The Weekly Newspaper serving the citizens of Morenci, Mich., Fayette, Ohio, and surrounding areas.

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    FIRST SNOW—Heavy, wet flakes piled deep on tree branches—and windshields—as the area received its first significant snowfall of the season. “Usually it begins with a dusting or two,” said George Isobar, Morenci’s observer for the National Weather Service, “but this time it came with a vengeance.” By the end of the day Saturday, a little over four inches of snow was on the ground. Now comes the thaw with temperatures in the 40s and 50s for three days.
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    SKEWERS, gumdrops, and marshmallows are all that’s needed to create interesting shapes and designs for Layla McDowell Saturday at Stair District Library’s “Sculptamania!” Open House. The program featuring design games and materials is one part of a larger project funded by a $7,500 Curiosity Creates grant from Disney and the American Library Association. Additional photos are on page 7.
    Morenci marching band members took to the field Friday night dressed for Halloween during the Bulldog’s first playoff game. Morenci fans had a bit of a scare until the fourth quarter when the Bulldogs scored 30 points to leave Lenawee Christian School behind. Whiteford visits Morenci this Friday for the district championship game. From the left is Clayton Borton, Morgan Merillat and James O’Brien.
    DNA PUZZLE—Mitchell Storrs and Wyatt Mohr tackle a puzzle representing the structure of DNA. There’s only one correct way for all the pieces to fit. It’s one of the new materials that can be used in both biology and chemistry classes, said teacher Loretta Cox.
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    A TRAFFIC control worker stands in the middle of Morenci’s Main Street Tuesday morning, waiting for the next flow of vehicles to be let through from the west. The dusty gravel surface was sealed with a layer of tar, leaving only the application of paint for new striping. The project was completed in conjunction with county road commission work west of Morenci.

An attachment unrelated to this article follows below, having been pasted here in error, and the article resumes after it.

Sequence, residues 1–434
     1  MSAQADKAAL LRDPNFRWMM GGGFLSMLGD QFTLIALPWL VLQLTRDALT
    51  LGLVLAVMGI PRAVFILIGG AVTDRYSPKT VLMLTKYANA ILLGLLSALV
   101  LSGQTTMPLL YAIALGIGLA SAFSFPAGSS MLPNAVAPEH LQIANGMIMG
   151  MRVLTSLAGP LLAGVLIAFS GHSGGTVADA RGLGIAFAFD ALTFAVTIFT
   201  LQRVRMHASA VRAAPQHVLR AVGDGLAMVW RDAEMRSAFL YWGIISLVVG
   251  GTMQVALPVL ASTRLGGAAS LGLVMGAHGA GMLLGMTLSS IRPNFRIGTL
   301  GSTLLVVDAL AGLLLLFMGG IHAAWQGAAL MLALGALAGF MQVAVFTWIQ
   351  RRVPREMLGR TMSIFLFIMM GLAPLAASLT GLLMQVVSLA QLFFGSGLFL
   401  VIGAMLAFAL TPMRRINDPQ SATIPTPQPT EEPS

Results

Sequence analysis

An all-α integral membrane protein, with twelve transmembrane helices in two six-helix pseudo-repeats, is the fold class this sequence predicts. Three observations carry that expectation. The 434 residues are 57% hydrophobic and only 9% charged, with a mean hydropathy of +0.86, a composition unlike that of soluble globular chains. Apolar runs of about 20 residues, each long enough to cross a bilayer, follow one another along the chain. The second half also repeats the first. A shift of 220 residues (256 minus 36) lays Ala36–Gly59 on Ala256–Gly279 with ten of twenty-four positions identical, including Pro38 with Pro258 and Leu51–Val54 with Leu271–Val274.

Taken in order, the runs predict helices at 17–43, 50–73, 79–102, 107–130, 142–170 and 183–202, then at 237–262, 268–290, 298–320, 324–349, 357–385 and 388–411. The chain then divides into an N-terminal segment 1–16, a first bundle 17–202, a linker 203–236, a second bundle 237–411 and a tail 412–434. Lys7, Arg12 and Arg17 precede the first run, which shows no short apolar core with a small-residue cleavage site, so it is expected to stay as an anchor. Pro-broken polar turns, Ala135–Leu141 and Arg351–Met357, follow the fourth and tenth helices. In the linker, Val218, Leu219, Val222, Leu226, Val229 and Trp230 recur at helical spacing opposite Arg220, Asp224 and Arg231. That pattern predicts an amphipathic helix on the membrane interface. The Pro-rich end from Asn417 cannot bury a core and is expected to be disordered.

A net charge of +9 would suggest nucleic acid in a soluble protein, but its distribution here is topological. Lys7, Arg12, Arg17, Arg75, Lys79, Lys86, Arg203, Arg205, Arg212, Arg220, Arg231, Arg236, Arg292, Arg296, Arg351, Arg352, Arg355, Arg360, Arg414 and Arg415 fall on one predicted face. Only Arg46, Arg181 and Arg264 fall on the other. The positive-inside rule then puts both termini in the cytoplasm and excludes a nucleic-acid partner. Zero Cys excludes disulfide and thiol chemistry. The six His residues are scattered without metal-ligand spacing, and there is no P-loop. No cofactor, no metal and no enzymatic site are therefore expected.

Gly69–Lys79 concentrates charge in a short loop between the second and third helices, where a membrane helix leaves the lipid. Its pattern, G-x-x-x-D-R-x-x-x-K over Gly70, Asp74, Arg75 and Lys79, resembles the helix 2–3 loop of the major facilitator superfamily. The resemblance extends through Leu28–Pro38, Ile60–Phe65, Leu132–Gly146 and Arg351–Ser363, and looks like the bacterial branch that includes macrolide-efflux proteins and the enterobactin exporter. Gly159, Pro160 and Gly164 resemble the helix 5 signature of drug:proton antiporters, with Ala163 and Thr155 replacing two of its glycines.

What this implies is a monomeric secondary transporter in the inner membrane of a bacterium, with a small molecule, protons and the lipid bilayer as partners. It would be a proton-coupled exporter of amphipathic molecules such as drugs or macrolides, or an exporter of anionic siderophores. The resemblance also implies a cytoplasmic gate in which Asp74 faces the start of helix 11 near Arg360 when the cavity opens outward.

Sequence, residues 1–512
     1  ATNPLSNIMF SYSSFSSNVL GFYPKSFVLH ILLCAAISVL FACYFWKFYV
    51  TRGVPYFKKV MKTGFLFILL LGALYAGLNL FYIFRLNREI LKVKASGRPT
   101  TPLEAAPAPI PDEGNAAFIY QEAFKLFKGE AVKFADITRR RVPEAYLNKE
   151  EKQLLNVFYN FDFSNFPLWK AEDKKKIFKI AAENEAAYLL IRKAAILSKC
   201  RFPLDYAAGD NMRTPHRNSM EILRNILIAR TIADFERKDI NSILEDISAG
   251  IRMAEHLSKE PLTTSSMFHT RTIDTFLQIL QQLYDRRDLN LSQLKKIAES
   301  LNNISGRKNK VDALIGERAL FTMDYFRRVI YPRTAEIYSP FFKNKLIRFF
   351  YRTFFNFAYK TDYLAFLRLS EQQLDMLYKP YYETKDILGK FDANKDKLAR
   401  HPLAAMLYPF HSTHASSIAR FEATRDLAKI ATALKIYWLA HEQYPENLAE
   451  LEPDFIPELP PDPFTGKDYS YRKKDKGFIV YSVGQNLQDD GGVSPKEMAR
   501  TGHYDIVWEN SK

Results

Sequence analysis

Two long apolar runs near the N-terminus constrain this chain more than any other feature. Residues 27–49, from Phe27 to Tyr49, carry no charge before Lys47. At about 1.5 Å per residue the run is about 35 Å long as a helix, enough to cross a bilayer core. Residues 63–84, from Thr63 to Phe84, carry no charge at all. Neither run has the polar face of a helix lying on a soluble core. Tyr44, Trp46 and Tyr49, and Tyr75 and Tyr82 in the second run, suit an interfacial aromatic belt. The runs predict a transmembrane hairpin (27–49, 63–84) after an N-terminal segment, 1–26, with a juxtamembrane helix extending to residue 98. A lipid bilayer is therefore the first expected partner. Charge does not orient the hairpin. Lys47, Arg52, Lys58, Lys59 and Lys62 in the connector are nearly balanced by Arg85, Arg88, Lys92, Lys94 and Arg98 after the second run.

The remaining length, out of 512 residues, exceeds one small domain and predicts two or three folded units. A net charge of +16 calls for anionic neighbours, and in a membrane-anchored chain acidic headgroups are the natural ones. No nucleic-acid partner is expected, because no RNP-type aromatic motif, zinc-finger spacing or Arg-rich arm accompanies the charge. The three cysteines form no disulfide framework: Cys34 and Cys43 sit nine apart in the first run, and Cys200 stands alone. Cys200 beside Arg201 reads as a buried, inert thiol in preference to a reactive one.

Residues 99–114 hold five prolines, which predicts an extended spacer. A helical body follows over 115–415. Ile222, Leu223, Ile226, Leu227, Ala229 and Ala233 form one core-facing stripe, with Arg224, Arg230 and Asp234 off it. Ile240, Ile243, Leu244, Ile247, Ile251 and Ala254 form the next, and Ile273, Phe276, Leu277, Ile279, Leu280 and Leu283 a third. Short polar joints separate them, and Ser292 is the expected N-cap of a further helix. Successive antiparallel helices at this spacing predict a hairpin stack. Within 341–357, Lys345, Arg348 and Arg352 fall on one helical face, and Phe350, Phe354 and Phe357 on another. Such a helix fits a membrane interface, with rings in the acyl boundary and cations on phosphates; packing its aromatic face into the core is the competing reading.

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    JUNIORS Jazmin Smith and Trevor Corkle struggle against a team from the sophomore class Friday during the annual tug of war at the Homecoming Games pep rally. Even the seniors struggled against the sophomores who won the competition. At the main course of the day, the Bulldog football team struggled against Whiteford in a homecoming loss.
    YOUNG soccer players surived a chilly morning Saturday in Morenci’s PTO league. From the left is Emma Cordts, Wayne Corser, Carter and Levi Seitz, Briella York and Drew Joughin. Two more weeks of soccer remain for this season.
  • Front.ropes
    BOWEN BAUMGARTNER of Morenci makes his way across a rope bridge constructed by the Tecumseh Boy Scout troop Sunday at Lake Hudson Recreation Area. The bridge was one of many challenges, displays and games set up for the annual Youth Jamboree by the Michigan DNR. Additional photos on are the back page of this week’s Observer.
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    One of four senior candidates will be crowned the fall homecoming queen during half-time of this week’s Morenci-Whiteford football game. In the back row (left to right) is exchange student Kinga Vidor (her escort will be Caylob Alcock), seniors Alli VanBrandt (escorted by Sam Cool), Larissa Elliott (escorted by Clayton Borton), Samantha Wright (escorted by JJ Elarton) and Justis McCowan (escorted by Austin Gilson), and exchange student Rebecca Rosenberger (escorted by Garrett Smith). Front row freshman court member Allie Kaiser (escorted by Anthony Thomas), sophomore Marlee Blaker (escorted by Nate Elarton) and junior Cheyenne Stone (escorted by Dominick Sell).
  • Front.park.lights
    GETTING READY—Jerad Gleckler pounds nails to secure a string of holiday lights on the side of the Wakefield Park concession stand while other members of the Volunteer Club and others hold them in place. The volunteers showed up Sunday afternoon to string lights at the park. The decorating project will continue this Sunday. Denise Walsh is in charge of the effort this year.
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Bean Creek: a playground supreme 2008.10.29

Written by David Green.

A recent story about a walking path along Bean Creek got John VanValkenburg thinking about his childhood in Morenci.